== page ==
Ever hit that big goal, and then have nothing left emotionally for a while? A post-partum feeling of emptiness and maybe even depression, the blues and blahs after hitting MDRT or having your best year ever or running that marathon?
Yeah, me too.
And the greater the accomplishment, the greater the valley after climbing the mountain of achievement. After doing my double marathon it hit me harder than Mike Tyson teeing off on an obnoxious clown.
I had a mentor, one of the top producers in the HISTORY of his company (one of the big three in the industry), who every January was clinically depressed as year after year he stacked great production up. Many a champion gets into a funk after taking the title. Climbing the mountain is more exciting and invigorating than the hike down.
So how do we make sure that success does not turn into suck?
- Know that it is coming. Acknowledge the potential of the downturn emotionally after success.
- Schedule some self time. A little pampering after a race, or a celebration after hitting that goal is smart.
- Take time off. Day after a Ragnar or other huge physical activity I will take a few walks to stretch the legs, but I won’t actually run for three or four days. The couple days after the end of a deadline at work I schedule off and disappear and deplug. When I finish writing a book, I don’t look at it for a few days.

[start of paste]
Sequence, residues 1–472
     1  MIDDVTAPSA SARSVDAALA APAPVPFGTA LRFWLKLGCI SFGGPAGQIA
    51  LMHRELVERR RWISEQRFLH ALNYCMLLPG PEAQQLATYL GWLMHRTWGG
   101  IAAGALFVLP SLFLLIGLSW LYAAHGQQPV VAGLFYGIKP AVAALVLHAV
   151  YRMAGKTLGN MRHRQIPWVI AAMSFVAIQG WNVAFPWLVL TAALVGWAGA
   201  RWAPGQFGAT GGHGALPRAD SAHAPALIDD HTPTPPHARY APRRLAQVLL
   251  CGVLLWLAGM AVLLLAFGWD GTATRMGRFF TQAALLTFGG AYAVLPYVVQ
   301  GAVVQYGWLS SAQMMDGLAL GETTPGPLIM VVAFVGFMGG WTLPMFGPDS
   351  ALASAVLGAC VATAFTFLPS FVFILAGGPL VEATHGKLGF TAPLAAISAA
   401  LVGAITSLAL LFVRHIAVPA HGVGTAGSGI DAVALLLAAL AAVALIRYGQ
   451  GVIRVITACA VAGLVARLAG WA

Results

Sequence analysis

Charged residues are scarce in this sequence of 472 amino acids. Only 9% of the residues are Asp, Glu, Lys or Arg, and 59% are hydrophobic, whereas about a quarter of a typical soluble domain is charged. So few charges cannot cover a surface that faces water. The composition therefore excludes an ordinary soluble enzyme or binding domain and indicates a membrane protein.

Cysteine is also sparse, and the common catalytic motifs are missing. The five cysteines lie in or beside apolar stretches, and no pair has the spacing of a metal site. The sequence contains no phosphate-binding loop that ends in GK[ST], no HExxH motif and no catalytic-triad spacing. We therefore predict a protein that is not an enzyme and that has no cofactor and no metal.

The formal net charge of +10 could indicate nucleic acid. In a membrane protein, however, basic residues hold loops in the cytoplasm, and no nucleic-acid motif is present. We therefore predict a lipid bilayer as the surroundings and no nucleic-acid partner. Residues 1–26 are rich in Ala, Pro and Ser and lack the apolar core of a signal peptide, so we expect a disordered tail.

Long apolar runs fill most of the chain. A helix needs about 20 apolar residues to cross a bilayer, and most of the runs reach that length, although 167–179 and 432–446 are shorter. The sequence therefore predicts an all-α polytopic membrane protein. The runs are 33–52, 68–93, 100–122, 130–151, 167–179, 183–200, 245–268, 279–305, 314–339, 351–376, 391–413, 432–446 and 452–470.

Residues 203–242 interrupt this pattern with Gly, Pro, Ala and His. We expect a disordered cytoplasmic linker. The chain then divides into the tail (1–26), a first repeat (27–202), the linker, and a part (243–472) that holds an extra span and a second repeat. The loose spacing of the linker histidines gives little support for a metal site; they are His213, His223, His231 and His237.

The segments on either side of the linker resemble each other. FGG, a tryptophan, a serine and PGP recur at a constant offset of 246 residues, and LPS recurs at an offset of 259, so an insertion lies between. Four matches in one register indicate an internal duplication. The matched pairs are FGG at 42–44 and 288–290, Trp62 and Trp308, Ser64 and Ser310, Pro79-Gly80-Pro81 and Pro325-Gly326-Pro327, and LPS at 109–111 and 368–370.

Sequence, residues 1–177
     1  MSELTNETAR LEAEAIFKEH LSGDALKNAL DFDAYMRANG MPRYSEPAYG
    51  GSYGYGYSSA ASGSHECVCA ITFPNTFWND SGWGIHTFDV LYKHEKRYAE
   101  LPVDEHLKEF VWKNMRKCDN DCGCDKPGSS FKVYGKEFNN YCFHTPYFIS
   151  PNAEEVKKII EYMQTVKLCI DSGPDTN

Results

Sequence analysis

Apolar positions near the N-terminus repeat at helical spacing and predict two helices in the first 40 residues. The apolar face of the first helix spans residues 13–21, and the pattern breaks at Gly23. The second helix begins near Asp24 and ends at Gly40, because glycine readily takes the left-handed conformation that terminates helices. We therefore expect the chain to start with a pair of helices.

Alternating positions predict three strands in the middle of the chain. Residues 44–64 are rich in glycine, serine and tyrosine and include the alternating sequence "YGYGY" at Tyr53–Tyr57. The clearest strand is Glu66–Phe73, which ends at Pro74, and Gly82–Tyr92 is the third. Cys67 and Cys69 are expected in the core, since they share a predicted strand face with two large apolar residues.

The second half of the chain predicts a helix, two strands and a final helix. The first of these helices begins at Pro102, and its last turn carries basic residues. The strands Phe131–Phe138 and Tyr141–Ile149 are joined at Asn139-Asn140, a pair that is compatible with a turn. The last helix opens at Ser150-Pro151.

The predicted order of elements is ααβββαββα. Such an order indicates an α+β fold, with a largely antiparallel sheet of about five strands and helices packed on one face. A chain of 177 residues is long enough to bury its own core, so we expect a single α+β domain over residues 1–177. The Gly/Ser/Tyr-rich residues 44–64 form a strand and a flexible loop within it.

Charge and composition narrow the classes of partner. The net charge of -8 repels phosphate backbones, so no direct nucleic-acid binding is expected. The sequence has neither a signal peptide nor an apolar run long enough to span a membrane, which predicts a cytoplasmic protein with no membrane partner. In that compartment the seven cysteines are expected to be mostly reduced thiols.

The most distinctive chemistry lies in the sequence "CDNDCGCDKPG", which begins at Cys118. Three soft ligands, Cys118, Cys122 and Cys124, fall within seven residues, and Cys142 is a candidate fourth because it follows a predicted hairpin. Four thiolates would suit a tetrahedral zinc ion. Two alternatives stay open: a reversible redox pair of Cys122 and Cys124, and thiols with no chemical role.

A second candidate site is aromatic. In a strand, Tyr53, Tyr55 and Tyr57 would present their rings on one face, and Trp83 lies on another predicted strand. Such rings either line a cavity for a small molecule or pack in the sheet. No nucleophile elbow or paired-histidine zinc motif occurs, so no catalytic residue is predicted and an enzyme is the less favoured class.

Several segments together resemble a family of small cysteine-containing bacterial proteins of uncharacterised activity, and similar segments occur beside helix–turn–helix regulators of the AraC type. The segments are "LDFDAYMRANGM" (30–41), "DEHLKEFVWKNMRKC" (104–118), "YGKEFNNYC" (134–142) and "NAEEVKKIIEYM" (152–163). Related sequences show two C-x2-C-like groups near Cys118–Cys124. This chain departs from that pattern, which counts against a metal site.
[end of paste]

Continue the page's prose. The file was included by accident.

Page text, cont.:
- Come back with a plan. I ease back into running with an easy run, then a little longer a few days later, then a longer one with cross training scheduled in. For work I go non-client facing for a day, then half my normal load, then full load within a few days then up to overload for maybe a week to really get in the swing of things after a week and to get a jump on the new period’s goals.
- Talk to someone. Maybe not a professional, but for a few days after an event my running team checks in with each other to make sure no one slips too low. Same with my study group in January.
Challenging ourselves is part of human nature, and is what allows us to achieve success personally and professionally. But rest and recovery are equally important, whether mentally or for muscles. Knowing that we are going to be sore and tired after we push our limits is part of the self-knowledge required for growth, and getting through the rough patches is part of the training of life.